At the end of July, The Sheet Metal and Air Conditioning Contractors’ National Association published a report on the impacts of Covid-19 in the construction industry. To no one’s surprise, the pandemic has had a major impact on profits, both in terms of direct and indirect impacts. Here at Construction Guide, we’re using this information to understand how to best support our network to ensure the continued success of our projects, both present and future.
One of the most significant areas is virus mitigation. By this, we mean the extra measures drafted to help ensure the on-site safety of workers. Things such as varying employees’ hours, assigning working “bubbles” and extra sanitation have reduced productivity by a staggering 17.9%, and project profits have taken a negative hit of 7%.
What’s more, many live projects have taken a downturn because of indirect impacts. Although many employees are ready to resume work with new measures in place, the weakening economy (both national and global) has stalled this for now. As many people face redundancy, there is currently an oversupply of construction employees, many of whom are unable to find new work. And those that can find work have to get by on lower wages caused by this oversupply. Combine this with disruptions in supply chains, which result in higher material prices, and it’s easy to see why this is a difficult situation.
SMACNA conducted their study alongside ELECTRI International, a National Electrical Contractors Association research group. Together they surveyed a total of 112,000 hours of their workers’ time between January and May of this year.
The study found that, on average, each employee was losing 85 minutes from their 8-hour working day because of new mitigation measures. These include things like hand washing and social distancing. However, the report also found that knock-on effects, such as anxiety and exhaustion, have led to a 9.2% drop in productivity across the board. The report concludes by stating that these lost profits could take at least 6 months to recover, although this will of course be dependent on an upturn in projects.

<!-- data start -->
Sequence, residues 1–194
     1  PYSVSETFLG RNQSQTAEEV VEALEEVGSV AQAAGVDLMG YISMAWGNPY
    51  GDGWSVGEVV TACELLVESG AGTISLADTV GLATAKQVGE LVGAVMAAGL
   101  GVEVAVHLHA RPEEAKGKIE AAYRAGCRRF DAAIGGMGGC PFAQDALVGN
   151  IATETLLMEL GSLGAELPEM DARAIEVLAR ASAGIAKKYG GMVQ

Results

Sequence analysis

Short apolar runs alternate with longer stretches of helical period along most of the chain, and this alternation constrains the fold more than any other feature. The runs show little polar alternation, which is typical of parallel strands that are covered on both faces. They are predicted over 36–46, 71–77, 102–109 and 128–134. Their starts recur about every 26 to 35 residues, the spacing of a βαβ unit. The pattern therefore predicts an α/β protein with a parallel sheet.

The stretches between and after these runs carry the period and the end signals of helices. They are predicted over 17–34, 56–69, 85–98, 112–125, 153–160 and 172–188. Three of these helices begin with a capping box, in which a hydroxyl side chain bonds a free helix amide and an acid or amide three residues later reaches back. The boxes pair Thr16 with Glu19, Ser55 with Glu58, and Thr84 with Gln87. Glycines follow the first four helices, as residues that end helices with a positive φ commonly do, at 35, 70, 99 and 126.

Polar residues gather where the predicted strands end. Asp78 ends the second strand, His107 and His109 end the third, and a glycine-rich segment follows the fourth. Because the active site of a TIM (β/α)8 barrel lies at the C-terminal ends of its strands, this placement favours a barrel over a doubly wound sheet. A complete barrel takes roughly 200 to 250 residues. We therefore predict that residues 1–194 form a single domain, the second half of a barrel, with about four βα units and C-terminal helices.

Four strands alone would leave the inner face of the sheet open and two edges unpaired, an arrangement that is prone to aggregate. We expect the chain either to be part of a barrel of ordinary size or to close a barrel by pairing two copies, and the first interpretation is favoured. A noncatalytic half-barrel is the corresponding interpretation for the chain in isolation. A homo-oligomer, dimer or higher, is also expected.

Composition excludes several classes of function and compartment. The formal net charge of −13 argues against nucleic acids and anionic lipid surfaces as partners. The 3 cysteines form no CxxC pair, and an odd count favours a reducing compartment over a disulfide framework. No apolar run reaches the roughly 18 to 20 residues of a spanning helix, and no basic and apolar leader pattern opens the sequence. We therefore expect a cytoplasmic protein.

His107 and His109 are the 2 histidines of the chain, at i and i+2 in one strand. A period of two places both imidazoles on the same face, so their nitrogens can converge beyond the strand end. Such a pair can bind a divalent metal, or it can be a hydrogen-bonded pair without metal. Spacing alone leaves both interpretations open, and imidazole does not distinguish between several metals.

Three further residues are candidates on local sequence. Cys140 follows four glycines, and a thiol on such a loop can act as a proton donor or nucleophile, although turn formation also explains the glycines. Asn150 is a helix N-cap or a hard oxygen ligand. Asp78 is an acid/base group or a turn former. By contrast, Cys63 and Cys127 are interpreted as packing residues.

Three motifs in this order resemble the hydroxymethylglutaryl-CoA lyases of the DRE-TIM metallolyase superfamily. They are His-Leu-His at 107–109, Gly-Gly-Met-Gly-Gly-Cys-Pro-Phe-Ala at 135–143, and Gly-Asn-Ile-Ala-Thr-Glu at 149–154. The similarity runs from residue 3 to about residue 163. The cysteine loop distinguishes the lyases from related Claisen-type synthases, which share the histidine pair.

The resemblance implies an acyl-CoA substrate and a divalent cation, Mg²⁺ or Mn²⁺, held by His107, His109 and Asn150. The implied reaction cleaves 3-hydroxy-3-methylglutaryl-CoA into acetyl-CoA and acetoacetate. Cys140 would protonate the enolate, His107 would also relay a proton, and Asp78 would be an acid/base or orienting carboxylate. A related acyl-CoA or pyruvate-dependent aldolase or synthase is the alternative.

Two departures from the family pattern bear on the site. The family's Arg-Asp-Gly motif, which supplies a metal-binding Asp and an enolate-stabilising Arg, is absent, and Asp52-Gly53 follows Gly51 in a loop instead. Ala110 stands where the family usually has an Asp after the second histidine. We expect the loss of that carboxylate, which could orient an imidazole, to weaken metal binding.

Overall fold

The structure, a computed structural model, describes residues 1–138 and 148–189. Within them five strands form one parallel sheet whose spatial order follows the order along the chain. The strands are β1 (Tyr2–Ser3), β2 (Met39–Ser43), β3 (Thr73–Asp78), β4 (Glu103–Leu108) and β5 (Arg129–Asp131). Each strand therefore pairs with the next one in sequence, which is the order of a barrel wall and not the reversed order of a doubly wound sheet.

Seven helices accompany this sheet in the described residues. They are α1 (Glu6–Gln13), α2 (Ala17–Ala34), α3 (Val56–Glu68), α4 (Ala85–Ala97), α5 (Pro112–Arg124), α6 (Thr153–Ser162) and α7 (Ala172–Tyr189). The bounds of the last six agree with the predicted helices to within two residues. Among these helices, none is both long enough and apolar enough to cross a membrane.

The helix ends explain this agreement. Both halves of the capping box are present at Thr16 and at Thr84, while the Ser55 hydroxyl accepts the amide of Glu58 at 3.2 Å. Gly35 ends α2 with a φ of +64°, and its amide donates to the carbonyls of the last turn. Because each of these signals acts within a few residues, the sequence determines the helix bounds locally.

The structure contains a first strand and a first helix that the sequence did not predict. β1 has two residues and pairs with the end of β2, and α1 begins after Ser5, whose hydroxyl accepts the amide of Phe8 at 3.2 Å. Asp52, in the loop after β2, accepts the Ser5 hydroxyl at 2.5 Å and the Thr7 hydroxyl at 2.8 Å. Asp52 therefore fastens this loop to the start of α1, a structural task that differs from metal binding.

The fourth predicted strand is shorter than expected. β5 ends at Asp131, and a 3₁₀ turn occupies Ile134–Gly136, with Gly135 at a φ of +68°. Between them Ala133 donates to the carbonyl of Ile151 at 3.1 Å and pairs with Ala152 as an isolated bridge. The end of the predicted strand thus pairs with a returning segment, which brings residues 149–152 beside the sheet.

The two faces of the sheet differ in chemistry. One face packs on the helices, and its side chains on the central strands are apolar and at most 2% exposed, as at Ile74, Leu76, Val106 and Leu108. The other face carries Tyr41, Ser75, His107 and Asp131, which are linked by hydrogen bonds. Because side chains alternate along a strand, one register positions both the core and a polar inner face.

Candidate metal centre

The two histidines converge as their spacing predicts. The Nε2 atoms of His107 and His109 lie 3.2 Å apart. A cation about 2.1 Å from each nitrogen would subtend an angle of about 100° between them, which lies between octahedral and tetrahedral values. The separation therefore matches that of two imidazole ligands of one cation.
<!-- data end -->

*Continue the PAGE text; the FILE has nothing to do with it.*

In a similar pattern, the American Institute of Architects’ Billings Index reported a similar drop in their figures for June. However, compared to May, which saw a massive drop in services, June showed some level of stabilization, hopefully implying that things will continue to even out, and possibly take an upward turn.
It’s worth noting with SMACNA’s survey that the results might be slightly skewed because they began at the beginning of the pandemic. It’s fair to assume that the first 2 months would have had more of a significant impact on productivity than later months. However, this will only become evident as time goes on and workers hopefully adjust to these new patterns.
We at Construction Guide share the industry-wide concern about these productivity trends. However, we are making every effort to ensure projects are still as successful as possible for real estate developers and private clients via our dedicated vetting process. We use this to make sure that all consultants we recommend are still delivering quality work in line with safety recommendations.
We’re also still helping our consultants to maintain a healthy flow of work in NYC, the Hamptons, Alpine, NJ, Greenwich, CT and Miami, FL. Our teams work with information such as the SMACNA report to understand how best to adapt our strategies to ensure consistent quality and safety.
Considering this virus does not appear to be going away any time soon, many construction firms may have to compromise a portion of their profits to ensure the continued safety of their workers. However, as time goes on, we can only hope that more streamlined processes are introduced to make up for this significant and damaging loss.